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The U.S. Supreme Court justices Jan. 17 expressed concerns over the implications of allowing a lawyer to concede his client’s guilt, over his objection, in the hopes of avoiding the death penalty.
They were concerned, on the one hand, that a capital defendant’s autonomy could be overridden by a lawyer’s strategic choice. On the other hand, they were concerned that lawyers would be hampered in defending their clients when they disagree—and not just in death penalty cases.
The tension was perhaps best summarized by Justice Elena Kagan.
The case is about two “conflicting objectives,” Kagan said during the argument: The defendant simply not wanting to admit guilt, and the lawyer wanting to save the defendant from execution.
The lawyer here, Larry English, told the Louisiana jury upfront that Robert McCoy killed three people.
English believed the evidence against McCoy was strong, so his strategy was to try to build credibility with the jury for what he viewed as an inevitable penalty phase.
McCoy objected to the strategy, maintaining his innocence and demanding that English put on an alibi defense that English believed was a conspiracy theory contradicted by the evidence.
English went ahead with the concession despite McCoy’s objection. McCoy was convicted and sentenced to death despite English’s efforts.
Several justices expressed line-drawing concerns during the argument.
In a prolonged back and forth at the beginning of the argument, Chief Justice John G. Roberts Jr. prodded McCoy’s lawyer, WilmerHale’s Seth P. Waxman, about the implications of a ruling for McCoy.
Waxman argued that it’s unconstitutional for a lawyer to concede an element of the charged offense against the client’s wishes.
Roberts posed a hypothetical where a lawyer wants to argue the defendant shot a murder victim in self-defense, but the defendant is adamant that he didn’t do the shooting. If the lawyer nonetheless argues self-defense, is that okay? Roberts asked.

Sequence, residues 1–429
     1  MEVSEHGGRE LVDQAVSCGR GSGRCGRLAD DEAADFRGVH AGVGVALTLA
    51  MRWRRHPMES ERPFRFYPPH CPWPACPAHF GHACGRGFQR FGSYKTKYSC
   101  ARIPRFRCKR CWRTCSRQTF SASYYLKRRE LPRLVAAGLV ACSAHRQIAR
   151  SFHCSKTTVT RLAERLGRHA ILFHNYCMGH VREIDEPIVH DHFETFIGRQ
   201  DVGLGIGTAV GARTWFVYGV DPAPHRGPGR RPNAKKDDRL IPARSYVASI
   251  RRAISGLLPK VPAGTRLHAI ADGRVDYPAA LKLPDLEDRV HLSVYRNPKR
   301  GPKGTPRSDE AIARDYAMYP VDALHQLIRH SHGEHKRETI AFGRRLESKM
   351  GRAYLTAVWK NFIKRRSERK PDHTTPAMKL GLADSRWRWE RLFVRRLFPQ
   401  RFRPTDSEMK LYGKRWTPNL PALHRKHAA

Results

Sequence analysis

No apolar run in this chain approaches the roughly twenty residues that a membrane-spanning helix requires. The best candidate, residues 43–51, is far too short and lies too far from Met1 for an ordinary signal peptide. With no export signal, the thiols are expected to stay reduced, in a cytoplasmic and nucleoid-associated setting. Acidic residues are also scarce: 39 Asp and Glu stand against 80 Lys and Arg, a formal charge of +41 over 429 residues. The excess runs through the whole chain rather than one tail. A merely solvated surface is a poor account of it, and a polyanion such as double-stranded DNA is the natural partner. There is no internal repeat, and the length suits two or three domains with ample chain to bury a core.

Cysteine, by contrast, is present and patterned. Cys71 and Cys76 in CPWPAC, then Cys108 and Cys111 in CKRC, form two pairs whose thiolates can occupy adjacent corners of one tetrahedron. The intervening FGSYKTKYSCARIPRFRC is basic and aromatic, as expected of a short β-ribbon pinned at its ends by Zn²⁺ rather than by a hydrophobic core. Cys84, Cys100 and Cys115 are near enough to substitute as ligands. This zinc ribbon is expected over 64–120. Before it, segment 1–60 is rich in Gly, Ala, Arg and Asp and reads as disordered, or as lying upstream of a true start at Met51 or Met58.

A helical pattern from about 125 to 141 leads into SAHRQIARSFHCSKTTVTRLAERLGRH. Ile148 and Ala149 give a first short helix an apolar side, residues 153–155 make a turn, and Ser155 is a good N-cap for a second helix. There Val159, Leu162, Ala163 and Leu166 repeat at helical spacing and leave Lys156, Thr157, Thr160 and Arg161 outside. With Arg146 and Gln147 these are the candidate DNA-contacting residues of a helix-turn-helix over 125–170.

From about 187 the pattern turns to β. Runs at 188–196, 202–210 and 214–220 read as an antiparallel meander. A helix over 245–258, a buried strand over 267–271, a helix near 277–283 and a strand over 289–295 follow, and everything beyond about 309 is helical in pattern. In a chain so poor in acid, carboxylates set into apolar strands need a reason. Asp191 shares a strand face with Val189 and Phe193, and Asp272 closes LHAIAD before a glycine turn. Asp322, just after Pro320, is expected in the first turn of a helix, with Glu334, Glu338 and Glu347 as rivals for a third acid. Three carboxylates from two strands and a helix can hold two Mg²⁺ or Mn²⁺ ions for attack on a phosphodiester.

Waxman, a former U.S. solicitor general, sought to keep the high court’s attention on the particular facts of this case, rather than its ramifications in other contexts.
The Sixth Amendment, as understood by the framers of the Constitution, rests the choice whether to concede guilt firmly with the client, Waxman said.
The framers would have been “astonished” with English’s guilt concession here over McCoy’s objection, he said.
But there was no right to appointed counsel at the founding, Justice Samuel A. Alito Jr. pointed out, suggesting that the amendment’s history doesn’t settle the case.
Justice Sonia Sotomayor questioned Louisiana’s lawyer about the implications of a ruling for the government here.
Elizabeth Murrill, the state’s solicitor general, argued that the case should be evaluated under the Strickland v. Washington test, to determine whether English’s concession was permissible. McCoy argued it was a structural error requiring automatic reversal.
Justice Stephen G. Breyer told Waxman that, if the high court rules for McCoy, it “will be like a balloon expanding into we don’t know where.”
“And before you know it, lawyers will have a hard time defending this person. And you’re walking right into jail when you start telling your lawyer how to run his case,” Breyer said.
Sotomayor used the same premise to draw a different conclusion.
“People can walk themselves into jail. They can walk themselves, regrettably, into the gas chamber,” she said.
“But they have a right to tell their story,” she said.
The case is McCoy v. Louisiana , U.S., No. 16-8255, argued 1/17/18 .
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